Beluga whales are small marine mammals that inhabit the Arctic Ocean and its nearby seas. These “melon-headed” whales are famous for their big squishy heads and being very vocal. They do not look like any ordinary whale, but why?
Beluga whales have big heads that contain their melon, an organ that generates high and low-frequency sounds for communicating, feeding, and traveling. The melon of a beluga whale appears larger than other whales because it overhangs its rostrum (beak) and is squishy because it contains fatty tissue, wax, and oil.
Keep reading to find out more about the features of a beluga whale head, and how being melon-headed helps echolocation.
Why Do Beluga Whales Have Big Heads?
The structure of the beluga whale’s head makes it appear particularly large. Beluga whales are “melon-headed” whales. Other toothed whales have melons, but Beluga whales are a little different.
The head of a beluga whale looks bigger than others because their melon overhangs over their beak. Their beak (also known as their rostrum) is notably short but distinct1 (source: Seaworld).
Their melon is an organ at the forefront of the Beluga whale’s head. Their melon is not their brain. Their brain is encased in a skull and is located further inside the body2 (source: Wikipedia). All toothed whales have melons, but not all are squishy.
What Do Beluga Whales Use Their ‘Melon’ For?
Beluga whales use their melon when communicating, feeding, and traveling. The melon can change the frequency of noises that whales generate. This is particularly important for echolocation purposes3 (source: H. Delphine, Marine Mammals of Eastern North Pacific and Arctic Waters 2 ed, 1986).
Echolocation is used by whales (and other mammals) to find and identify objects. This is done by creating sounds and monitoring the echoes created. Beluga whales are famous for creating a variety of noises.
Beluga whales, and other toothed whales, use echoes from high-frequency sound pulses to navigate and locate prey, and use low-frequency sound to communicate with other individuals over long distances4 (source: National Research Council (US) Committee on Low-Frequency Sound and Marine Mammals, 1994).
Why Do Beluga Whales Have Squishy Heads?
Beluga whale heads appear to be squishy because of what their melon contains. Their melon contains fatty tissue (also known as lipids), wax, and oil5 (source: H. Delphine, Marine Mammals of Eastern North Pacific and Arctic Waters 2 ed, 1986). This makes their melon flexible and squishy.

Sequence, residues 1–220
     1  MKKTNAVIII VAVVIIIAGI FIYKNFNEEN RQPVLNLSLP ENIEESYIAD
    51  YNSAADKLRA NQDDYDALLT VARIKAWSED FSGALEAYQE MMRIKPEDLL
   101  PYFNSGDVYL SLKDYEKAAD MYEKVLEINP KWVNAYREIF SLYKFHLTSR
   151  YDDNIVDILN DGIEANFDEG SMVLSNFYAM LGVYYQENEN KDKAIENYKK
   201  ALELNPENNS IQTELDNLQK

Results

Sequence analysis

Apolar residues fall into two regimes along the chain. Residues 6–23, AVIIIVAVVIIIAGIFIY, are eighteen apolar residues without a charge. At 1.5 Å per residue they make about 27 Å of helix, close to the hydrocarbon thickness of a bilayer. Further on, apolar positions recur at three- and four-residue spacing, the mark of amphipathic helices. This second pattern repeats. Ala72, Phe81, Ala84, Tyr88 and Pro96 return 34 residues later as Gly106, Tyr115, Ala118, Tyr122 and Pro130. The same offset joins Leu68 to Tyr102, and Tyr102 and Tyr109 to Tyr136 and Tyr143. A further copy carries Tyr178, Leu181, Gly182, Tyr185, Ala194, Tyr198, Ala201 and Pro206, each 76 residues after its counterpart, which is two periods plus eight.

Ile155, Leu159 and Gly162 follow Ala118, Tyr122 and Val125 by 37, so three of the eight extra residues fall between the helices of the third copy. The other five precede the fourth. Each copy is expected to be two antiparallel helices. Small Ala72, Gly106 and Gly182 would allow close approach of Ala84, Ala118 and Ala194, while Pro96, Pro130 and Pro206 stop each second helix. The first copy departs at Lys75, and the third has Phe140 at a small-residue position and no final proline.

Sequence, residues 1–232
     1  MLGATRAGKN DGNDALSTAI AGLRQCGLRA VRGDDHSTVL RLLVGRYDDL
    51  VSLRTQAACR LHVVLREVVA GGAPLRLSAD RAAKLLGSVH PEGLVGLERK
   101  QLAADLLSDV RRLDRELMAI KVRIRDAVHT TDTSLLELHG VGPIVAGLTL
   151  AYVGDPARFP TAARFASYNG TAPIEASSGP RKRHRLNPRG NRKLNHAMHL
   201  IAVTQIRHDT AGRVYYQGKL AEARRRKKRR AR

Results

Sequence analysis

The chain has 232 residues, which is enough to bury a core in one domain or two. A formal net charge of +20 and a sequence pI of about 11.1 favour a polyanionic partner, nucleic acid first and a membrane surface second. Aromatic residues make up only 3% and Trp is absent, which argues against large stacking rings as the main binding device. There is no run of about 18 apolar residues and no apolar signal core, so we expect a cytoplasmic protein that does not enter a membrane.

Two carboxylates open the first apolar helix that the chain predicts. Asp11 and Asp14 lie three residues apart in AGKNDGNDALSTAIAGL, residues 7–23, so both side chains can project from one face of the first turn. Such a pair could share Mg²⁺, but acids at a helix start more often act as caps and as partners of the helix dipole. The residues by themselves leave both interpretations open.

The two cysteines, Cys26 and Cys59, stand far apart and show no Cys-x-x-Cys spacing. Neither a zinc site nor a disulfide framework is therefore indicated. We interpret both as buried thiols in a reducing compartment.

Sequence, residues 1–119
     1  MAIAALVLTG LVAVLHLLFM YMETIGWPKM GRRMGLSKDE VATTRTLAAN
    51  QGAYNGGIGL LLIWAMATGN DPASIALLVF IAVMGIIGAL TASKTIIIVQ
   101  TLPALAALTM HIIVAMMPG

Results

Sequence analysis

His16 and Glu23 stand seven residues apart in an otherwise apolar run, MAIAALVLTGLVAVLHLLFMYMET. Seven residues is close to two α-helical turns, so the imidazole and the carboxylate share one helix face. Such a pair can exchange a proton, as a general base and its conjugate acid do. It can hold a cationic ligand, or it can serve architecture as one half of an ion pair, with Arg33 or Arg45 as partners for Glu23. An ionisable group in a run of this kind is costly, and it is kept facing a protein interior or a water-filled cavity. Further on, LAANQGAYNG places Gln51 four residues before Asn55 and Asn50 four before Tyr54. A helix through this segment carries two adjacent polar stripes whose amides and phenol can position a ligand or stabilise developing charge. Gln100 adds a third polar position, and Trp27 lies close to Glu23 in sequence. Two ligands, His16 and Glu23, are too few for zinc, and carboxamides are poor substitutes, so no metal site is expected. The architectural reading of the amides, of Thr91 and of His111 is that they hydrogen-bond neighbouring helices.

The beluga whale is known for having a particularly malleable and squishy melon6 (source: B.G. Würsig, et al., Encyclopedia of Marine Mammals, 2017). Their squishy melon is located above the rostrum (beak) and in front of the blowhole7 (source: H. Delphine, Marine Mammals of Eastern North Pacific and Arctic Waters 2 ed, 1986).
Can Beluga Whales Change the Shape of Their Head?
Beluga whales can change the shape of their melon. Their melon is at the front of their head. Not all whales can change the shape of their melon. The melon of a beluga whale is more flexible than other species8 (source: Seaworld).
Belugas change the shape of their melon to assist echolocation. Changing the shape allows them to focus and direct noises through the water9 (source: H. Delphine, Marine Mammals of Eastern North Pacific and Arctic Waters 2 ed, 1986). Beluga whales change the shape of their melon by blowing air around its sinuses.
Changing the shape of their melon is what makes Beluga whales masters of this bio-sonar system10 (source: C.W. Turl, et al, Canadian Bulletin of Fisheries and Aquatic Sciences, Vol 224: 119–128, 1990). Their melon is known to change shape during vocalizations.
Is It Bad to Squish a Beluga Whales Head?
Squishing the head of a Beluga whale is not directly touching the brain. The brain is well protected in a hard skull further inside the body11 (source: Wikipedia). Despite this, you still should not touch/squish the head of a beluga whale.
You may have seen Beluga whales in viral photos and videos displaying their bulbous/squishy head shape. There are even videos of people prodding/squishing the head of beluga whales.
Please reconsider your actions before going to squish a whale’s head.
Do Beluga Whales Have Teeth?
Yes, Beluga whales have teeth. Belugas are toothed whales. They have an average of 34 teeth. Beluga whales use their teeth for tearing and grasping12 (source: Seaworld).
Their teeth are not designed for chewing. Belugas whales develop permanent teeth at around the age of two and keep these for their entire life13 (source: https://baleinesendirect.org/en/les-baleines-ont-elles-des-dents-de-bebe/). Other whales do not have teeth: most of these are baleen whales.